Plant pathogens as biocontrol agents of Cirsium arvense - an overestimated approach?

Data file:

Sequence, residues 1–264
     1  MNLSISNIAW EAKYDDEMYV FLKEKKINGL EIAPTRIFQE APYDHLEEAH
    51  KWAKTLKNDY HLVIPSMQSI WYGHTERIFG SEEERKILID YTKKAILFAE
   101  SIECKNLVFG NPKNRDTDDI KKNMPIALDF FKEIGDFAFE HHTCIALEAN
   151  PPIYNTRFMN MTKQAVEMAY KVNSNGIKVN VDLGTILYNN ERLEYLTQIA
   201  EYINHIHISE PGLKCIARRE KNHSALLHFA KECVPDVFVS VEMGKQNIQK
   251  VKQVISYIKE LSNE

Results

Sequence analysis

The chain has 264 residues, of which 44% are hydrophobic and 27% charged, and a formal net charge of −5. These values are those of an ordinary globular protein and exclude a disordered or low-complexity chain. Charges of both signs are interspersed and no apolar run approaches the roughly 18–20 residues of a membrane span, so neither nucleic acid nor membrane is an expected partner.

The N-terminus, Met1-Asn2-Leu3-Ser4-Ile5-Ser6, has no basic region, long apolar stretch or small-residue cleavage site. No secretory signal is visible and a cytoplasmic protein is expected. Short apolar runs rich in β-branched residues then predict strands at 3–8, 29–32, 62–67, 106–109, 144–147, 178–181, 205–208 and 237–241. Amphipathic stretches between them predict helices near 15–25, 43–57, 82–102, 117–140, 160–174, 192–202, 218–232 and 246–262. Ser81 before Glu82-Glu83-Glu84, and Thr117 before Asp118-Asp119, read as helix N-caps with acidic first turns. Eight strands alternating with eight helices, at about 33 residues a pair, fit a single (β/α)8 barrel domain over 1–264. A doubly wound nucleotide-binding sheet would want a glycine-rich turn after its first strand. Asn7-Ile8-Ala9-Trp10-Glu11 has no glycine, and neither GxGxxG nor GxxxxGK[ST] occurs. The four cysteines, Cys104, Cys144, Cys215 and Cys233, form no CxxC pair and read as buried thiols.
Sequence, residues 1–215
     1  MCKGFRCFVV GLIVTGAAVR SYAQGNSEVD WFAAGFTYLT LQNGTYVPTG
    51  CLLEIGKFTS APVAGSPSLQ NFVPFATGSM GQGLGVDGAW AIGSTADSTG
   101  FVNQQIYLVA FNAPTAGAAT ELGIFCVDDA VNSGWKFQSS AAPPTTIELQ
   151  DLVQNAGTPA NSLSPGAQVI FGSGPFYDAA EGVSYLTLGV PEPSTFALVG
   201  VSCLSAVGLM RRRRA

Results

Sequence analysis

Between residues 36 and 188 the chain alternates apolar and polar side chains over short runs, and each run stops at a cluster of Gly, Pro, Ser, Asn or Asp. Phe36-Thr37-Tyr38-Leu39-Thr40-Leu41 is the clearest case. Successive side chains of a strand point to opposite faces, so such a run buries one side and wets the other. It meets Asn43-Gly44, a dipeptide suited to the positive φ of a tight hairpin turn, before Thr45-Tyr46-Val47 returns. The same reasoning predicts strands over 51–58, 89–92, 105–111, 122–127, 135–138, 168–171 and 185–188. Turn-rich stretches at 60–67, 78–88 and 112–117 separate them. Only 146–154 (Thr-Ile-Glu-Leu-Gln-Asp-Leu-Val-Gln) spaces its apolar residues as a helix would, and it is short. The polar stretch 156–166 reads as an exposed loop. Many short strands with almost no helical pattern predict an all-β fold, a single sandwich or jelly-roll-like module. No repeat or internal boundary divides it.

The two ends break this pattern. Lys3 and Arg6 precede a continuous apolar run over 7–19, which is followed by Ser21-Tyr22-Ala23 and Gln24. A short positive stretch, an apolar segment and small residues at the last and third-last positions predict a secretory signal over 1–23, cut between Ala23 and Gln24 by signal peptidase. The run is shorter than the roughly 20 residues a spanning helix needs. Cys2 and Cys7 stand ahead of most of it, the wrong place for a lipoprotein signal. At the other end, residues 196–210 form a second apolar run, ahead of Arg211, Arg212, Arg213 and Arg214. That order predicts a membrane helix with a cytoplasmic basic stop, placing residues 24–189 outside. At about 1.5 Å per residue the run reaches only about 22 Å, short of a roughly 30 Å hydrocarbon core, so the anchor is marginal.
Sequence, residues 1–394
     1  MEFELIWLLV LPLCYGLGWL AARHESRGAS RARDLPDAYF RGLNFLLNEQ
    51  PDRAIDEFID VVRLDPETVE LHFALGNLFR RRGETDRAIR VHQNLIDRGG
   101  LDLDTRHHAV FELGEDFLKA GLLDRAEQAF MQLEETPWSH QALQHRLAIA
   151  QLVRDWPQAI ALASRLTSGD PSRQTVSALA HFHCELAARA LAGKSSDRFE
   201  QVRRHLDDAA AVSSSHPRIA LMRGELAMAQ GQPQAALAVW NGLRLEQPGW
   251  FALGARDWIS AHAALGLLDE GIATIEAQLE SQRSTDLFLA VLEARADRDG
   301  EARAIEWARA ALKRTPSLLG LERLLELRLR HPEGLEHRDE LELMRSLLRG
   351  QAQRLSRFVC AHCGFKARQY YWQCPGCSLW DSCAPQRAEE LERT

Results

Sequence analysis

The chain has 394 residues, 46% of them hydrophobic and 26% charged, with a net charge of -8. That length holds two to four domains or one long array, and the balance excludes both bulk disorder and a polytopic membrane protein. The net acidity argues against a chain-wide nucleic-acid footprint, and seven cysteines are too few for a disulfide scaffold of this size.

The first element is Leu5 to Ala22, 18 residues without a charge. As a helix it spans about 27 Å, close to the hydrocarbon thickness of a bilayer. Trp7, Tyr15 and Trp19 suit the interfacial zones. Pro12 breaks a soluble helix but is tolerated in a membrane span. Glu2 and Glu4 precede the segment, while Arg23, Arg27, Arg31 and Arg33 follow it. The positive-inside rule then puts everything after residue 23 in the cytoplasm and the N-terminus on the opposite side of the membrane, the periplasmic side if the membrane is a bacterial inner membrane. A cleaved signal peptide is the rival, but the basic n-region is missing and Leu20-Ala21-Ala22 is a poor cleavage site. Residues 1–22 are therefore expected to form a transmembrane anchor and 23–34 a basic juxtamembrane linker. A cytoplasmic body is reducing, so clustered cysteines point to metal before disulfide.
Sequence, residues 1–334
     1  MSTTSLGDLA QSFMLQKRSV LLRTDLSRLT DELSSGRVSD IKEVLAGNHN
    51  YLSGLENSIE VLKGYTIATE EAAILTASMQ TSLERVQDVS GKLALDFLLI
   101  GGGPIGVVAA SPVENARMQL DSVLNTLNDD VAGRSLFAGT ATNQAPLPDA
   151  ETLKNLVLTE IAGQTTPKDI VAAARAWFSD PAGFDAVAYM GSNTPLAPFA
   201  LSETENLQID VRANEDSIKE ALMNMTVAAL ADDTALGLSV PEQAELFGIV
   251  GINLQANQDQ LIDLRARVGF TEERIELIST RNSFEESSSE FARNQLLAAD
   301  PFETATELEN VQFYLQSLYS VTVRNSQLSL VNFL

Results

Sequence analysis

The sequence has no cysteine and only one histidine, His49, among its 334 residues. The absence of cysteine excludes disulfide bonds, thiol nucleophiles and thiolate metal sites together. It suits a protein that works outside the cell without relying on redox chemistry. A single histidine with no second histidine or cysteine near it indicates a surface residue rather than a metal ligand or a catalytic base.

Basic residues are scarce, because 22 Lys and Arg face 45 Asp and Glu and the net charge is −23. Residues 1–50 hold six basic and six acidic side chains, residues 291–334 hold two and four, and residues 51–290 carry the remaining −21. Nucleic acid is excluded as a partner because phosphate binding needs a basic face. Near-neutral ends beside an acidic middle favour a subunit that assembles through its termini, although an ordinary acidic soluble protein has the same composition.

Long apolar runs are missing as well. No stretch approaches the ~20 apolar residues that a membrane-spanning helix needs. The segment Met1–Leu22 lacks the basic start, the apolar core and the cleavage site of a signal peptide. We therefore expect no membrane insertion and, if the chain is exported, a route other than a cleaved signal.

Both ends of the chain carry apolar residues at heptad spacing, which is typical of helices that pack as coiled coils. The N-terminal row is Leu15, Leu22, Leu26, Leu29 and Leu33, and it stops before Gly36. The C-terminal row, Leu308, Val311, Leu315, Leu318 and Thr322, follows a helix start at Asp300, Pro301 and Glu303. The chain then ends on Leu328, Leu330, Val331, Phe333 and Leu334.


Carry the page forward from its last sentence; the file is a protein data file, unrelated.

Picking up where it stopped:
Cirsium arvense is one of the worst weeds in agriculture. As herbicides are not very effective and not accepted by organic farming and special habitats, possible biocontrol agents have been investigated since many decades. In particular plant pathogens of Cirsium arvense have received considerable interest and have been promoted as "mycoherbicides" or "bioherbicides". A total of 10 fungi and one bacterium have been proposed and tested as biocontrol agents against Cirsium arvense. A variety of experiments analysed the noxious influence of spores or other parts of living fungi or bacteria on plants while others used fungal or bacterial products, usually toxins. Also combinations of spores with herbicides and combinations of several pathogens were tested. All approaches turned out to be inappropriate with regard to target plant specificity, effectiveness and application possibilities. As yet, none of the tested species or substances has achieved marketability, despite two patents on the use of Septoria cirsii and Phomopsis cirsii. We conclude that the potential of pathogens for biocontrol of Cirsium arvense has largely been overestimated.